BROOKLYN CRAFT EXPO
Design in Everyday Life, Small Instances. Big Changes. An exploration
00 Problem Statement
Over a summer I helped out a friend with a pop-up exhibition in Brooklyn.
I noticed that most people did not spend much time at our stall. Most people at the expo weren't there to buy something specific. They were simply there to browse. With everything arranged haphazardly, they found it frustrating to actually look for stuff and moved on.
Customers were finding it frustrating to look through our rack. The experience needed to be made more seamless so that they could be immediately finding clothes that would match their style.
Big Question: Who was at the expo?
I came up with three categories of people based on my observations and after talking to multiple people around the expo about why they were attending
They typically have an appreciation for crafts.
They don't mind spending and may even pick up multiple items.
They spend a lot of time in the booth and will ask you about the work and the techniques used.
They have come to shop.
They don't particularly differentiate between fresh and sale items. Just whatever "fits in the budget"
They spend some time browsing and engaging with the stuff in every booth that interests them.
They are just on an outing over the weekend. Thought it would be nice to "check the expo out"
They aren't particularly looking to buy anything.. They might buy something if it's on sale.
They don't spend much time in the booths.
REARRANGE BY COLOR
My first idea was to rearrange the collection by color. The bright contrasts would definitely catch people's eye, especially that of our Shoppers and Sunday Strollers, but I still had to point out where everything was and they would quickly loose interest while browsing the rack due to frustration. That defeated the purpose.
caught people’s attention more often (especially the strollers)
difficult to differentiate between product styles and therefore loss of interest
REARRANGE BY ITEM TYPE
Then I tried to arrange things by item. Separating all the pants from the shirts and jumpsuits and arranging them on the basis of a uniform color scheme. This however was a drawback for those looking to buy items on sale. Most people would form a mental opinion of the price range of the entire rack by looking at the first item and therefore didn't find the pieces that were relatively discounted unless told. Again, defeated the purpose.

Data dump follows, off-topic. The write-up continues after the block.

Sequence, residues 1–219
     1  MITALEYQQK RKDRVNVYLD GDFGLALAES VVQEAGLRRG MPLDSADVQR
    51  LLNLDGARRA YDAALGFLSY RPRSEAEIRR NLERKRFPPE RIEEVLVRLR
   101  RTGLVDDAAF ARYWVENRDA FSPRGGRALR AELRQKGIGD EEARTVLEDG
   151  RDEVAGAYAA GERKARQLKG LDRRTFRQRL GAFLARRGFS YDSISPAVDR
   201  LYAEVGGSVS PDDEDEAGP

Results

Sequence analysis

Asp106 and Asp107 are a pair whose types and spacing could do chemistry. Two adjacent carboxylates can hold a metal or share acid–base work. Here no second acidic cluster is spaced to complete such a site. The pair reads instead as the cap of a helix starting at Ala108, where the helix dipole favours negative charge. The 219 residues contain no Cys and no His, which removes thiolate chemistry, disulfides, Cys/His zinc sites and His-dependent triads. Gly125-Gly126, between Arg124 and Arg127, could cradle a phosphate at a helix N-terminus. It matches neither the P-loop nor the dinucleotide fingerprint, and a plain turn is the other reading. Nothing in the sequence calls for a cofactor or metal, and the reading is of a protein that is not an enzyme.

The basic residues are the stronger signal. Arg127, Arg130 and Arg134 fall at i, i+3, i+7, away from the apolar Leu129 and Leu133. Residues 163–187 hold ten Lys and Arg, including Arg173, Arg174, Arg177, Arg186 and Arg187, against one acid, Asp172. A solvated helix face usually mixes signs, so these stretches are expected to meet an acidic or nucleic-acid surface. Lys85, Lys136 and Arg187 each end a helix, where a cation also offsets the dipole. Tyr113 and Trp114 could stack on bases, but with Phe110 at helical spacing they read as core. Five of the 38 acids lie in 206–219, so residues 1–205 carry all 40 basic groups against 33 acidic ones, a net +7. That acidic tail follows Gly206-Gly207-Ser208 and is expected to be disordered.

easy to browse and locate item of choice
- difficult to differentiate sale items from fresh collection, - - creating confusion about price range of products - may deter the purposeful shoppers and strollers
03 Final Solution
ARRANGE BY ITEM/PRICE ALONG COLOR
Finally, I arranged things by item/set. First I separated the sale items from the new collection and put a scarf to clearly demarcate the two halves. Then I organized each half according to style while also following a color pattern,
- Sale items easy to distinguish from fresh collection.
- easy to locate item of choice/interest
- The rack wasn't as eye catching as when arranged by just color.
After implemented the new arrangement, at the expo, I saw a noticeable increase in customer traffic. By the end of the first day we managed to break even with the price of participation and by the end of the two days had made nearly 1200 dollars!
This project helped me truly understand how important the user it to any service! Understanding how the user thinks and what motivates them to behave is crucial to understanding the direction design should take. Arranging by item/price may have helped in here but maybe in a bigger, more well known store it would be more beneficial to arrange by size. I noticed this first hand when I helped handle a sale for a prominent designer in India. During sale hours the whole shop would become a big mess and everyone including the shop-keepers would end up frustrated. The best way to deal with this was to arrange by size and simply point the customer in the direct of their rack. Even now when you browse a large clothing website, the first thing that people filter in the sale section is their size.
It’s not the how you’re arranging things, but the who you are doing it for that matters more.
05 How does this map to E-Retail?
The lessons learnt from this experience can be easily mapped onto the world of Web/Mobile design for E-Retail sites. One of the biggest reasons why online shopping has become so popular is because it is much easier for the customer to find exactly what they are looking for with the click of a few ‘filter’ buttons!
An item’s relative position also makes a difference! In a study, when the $100 toaster was placed next to $40 toasters, no one bought it, but when it was placed next to $800 toasters, demand went up!